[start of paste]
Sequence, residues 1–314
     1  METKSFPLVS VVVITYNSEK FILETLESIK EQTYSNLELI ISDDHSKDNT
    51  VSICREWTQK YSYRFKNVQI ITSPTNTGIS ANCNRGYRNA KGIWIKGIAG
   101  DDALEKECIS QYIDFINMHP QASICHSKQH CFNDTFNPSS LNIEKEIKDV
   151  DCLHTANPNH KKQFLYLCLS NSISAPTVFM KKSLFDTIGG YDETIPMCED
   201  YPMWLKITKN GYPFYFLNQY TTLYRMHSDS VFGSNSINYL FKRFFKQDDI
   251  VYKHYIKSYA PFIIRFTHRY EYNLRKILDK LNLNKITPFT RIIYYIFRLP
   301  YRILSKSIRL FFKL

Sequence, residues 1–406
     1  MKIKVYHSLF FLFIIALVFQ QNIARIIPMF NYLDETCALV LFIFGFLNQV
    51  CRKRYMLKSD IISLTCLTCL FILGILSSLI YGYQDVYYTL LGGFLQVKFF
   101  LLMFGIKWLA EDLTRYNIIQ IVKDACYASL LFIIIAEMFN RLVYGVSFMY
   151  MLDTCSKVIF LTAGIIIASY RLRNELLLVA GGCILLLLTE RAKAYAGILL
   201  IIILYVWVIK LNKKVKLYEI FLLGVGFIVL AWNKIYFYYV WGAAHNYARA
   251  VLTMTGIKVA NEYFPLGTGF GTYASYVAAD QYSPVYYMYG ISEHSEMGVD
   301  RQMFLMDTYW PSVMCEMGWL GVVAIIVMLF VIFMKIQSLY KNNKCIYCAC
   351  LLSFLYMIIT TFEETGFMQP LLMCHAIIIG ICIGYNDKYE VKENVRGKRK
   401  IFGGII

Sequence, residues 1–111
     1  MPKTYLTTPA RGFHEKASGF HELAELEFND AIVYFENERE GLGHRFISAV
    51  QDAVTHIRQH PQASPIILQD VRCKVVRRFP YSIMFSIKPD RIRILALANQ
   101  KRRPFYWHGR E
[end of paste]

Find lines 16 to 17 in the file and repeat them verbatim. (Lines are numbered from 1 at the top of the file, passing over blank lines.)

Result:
   301  RQMFLMDTYW PSVMCEMGWL GVVAIIVMLF VIFMKIQSLY KNNKCIYCAC
   351  LLSFLYMIIT TFEETGFMQP LLMCHAIIIG ICIGYNDKYE VKENVRGKRK